1. Pittsburgh Steelers 35, Dallas Cowboys 31. January 21, 1979. The worst “bad beat” in sportsbook history, on a day that is referred to as “Black Sunday” by the oddsmakers, happened at the end of Superbowl XIII. When the books set the line for this game, the Pittsburgh Steelers, who were poised to win their fourth NFL title of the decade, were favored by 3.5 points. Money flowed in on the Steelers, enough to make the sportsbooks nervous. So they moved the line down to 4.5 points to balance things out. And it worked, many gamblers were enticed to take the Cowboys. When Pittsburgh scored a touchdown with seven minutes left in the game to go up 35-17, the books were feeling pretty comfortable. But Roger Staubach led the Cowboys on one of his familiar late-game drives and closed the gap to 35-24. And when Dallas recovered the ensuing onsides kick with just over two minutes left in the game, fingernails began to get chewed. Staubach led the Cowboys 52 yards in a nine play drive that ended when he tossed a 4-yard touchdown pass to Butch Johnson with just 22 seconds left in the game, leading to a final score of 35-31. Everyone who bet on the Steelers at -3.5 got paid, and everyone who bet on the Cowboys at +4.5 got paid. In other words, almost everyone who bet on the Superbowl that year won their bet. It was the biggest loss that sportsbooks ever suffered – and most likely ever will suffer – in a single game.
|NEW ORLEANS SAINTS
Gamblor’s Pick: Indianapolis (-4.5)
Bet Amount: $18.22
|WHY IT’S WRONG: Once again, considering pure statistics only, Gamblor thinks this line is a little on
the high side. To me, it now looks like a trap. The line opened at as high as 6 and my friend Tim warned me that he thought a middle opportunity would be available later in the week when the line came down. I thought he was wrong – bettors were already lining up to bet on Indianapolis. It seemed more likely to me that the books would slide the line upwards just a bit to 6.5 to push a little more money onto the Saints. But they have done the exact opposite.
The primary motivation for this shift has been the questionable condition of Dwight Freeney’s ankle. This is a pretty classic play on the insecurities of most gamblers (especially in an age where fantasy football is king) – that a single player’s performance will dramatically affect the game in one way or another. It won’t. Freeney is a great player, and he won’t be at 100%, but even if he were the plays he would make wouldn’t make as much of a difference as everyone seems to think.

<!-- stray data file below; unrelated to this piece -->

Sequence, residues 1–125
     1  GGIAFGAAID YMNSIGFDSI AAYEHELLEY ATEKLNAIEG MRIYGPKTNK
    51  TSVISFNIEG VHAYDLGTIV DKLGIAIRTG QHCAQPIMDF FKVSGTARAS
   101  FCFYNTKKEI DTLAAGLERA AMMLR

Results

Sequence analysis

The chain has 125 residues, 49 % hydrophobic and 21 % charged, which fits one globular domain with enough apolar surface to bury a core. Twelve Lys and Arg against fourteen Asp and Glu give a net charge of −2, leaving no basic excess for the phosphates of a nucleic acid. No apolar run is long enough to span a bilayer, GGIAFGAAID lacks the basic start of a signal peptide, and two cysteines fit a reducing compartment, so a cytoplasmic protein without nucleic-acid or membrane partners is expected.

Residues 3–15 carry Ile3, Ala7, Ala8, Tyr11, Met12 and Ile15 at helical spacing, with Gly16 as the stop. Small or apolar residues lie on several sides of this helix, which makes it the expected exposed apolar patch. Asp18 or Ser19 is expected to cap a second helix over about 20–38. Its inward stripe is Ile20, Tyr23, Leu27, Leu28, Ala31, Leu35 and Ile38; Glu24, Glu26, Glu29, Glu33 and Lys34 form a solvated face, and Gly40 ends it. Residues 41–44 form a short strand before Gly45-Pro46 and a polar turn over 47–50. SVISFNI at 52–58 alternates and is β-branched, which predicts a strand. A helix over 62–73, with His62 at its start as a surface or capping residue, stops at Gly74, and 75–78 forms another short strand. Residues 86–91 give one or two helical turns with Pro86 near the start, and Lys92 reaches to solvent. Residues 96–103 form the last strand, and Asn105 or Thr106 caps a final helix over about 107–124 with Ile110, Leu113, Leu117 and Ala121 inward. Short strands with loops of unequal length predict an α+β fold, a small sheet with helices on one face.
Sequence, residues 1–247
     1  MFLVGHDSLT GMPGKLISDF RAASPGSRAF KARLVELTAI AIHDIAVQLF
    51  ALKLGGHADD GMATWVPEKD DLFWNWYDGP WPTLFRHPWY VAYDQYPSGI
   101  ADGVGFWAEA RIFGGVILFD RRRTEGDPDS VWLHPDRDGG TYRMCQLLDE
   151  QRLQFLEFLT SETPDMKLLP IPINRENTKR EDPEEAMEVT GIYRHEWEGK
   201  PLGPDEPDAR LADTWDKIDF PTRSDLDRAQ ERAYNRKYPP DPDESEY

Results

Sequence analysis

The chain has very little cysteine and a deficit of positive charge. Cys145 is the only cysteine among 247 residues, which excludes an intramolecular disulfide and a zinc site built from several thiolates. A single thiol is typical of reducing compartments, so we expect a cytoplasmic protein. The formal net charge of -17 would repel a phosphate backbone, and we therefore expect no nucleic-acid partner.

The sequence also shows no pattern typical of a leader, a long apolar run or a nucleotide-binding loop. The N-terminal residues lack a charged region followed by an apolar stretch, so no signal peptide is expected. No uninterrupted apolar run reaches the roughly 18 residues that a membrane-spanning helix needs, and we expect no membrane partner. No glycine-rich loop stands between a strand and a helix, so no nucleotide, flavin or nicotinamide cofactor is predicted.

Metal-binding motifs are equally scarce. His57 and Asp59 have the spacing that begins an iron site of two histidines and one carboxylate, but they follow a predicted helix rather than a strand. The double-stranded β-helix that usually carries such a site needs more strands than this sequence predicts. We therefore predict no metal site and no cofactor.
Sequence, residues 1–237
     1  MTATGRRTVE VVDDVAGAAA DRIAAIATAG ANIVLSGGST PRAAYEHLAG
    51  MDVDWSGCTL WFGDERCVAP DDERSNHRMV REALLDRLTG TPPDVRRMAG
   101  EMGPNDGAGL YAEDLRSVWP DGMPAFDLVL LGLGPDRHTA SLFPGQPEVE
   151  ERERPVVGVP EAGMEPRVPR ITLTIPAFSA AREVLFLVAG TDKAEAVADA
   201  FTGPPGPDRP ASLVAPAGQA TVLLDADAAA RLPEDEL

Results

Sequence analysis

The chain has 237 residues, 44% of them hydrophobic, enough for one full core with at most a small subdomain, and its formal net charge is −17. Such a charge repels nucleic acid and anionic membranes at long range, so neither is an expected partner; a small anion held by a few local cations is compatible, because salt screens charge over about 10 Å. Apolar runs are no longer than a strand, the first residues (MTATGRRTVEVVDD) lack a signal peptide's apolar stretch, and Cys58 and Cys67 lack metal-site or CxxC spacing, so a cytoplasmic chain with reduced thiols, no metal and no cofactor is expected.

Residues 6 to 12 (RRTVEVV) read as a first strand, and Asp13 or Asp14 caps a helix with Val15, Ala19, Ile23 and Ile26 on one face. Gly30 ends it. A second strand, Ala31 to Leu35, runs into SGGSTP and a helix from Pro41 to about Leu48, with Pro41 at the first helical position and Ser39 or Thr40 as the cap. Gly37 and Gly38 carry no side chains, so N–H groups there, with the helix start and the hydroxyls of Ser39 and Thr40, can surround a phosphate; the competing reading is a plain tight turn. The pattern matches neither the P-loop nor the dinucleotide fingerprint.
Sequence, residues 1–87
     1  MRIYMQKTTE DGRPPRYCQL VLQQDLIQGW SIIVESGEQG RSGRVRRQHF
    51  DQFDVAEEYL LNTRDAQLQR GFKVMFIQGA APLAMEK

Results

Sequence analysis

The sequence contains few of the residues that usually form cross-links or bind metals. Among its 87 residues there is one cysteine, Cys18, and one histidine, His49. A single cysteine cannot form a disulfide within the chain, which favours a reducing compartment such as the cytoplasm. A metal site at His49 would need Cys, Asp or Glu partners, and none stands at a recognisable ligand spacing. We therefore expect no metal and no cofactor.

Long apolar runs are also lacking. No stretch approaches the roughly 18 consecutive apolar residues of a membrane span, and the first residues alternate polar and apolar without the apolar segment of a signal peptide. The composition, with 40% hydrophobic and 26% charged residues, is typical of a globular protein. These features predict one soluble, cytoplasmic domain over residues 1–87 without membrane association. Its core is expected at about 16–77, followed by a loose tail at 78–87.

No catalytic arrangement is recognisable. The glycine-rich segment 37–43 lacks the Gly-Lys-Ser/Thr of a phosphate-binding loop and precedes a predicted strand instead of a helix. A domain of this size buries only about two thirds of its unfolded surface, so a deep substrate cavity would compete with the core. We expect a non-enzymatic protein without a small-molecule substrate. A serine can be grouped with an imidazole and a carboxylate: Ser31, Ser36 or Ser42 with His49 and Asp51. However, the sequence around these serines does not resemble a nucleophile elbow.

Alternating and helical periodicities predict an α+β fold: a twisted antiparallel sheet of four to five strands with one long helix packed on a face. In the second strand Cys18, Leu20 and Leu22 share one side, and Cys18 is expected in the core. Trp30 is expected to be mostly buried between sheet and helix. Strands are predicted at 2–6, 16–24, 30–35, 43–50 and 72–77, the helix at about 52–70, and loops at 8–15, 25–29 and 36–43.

Like everyone else, I think this game is basically going to boil down to how well each team’s offense functions. Peyton Manning is probably the player with the greatest football mind of my generation. It was incredible to watch him figure out the Jets defense – it was overwhelmingly apparent during his last drive of the first half that he knew how to beat them. It was like watching a talented mechanic diagnose an engine problem – once he figured out what the problem was, it was just a matter of selecting the right size wrench and turning it a few times.
It won’t be quite so easy for Drew Brees, although he’s also very capable of dissecting the Colts’ pass defense, which isn’t quite as good as it looks on paper. And the Saints have a running game to work with, which will spread them out a good bit more than the Jets were able to do. The Saints will be frustrated that they’re underdogs against the Colts – this should give them just enough extra motivation to keep this one close.
I’ll probably be rooting for whichever team is behind during this game – which I expect will be New Orleans. But with offenses that are this potent, things can change in a big hurry so I suspect my allegiances will chance once or twice during the game. I’m hoping for a close game, and as such, I see the Saints covering the spread. It’s hard to believe that Manning will let this one slip away in a season where he’s played the best football of his career, but I do think it won’t be by more than a field goal.
Enjoy the game this week, folks. And thanks for reading this season.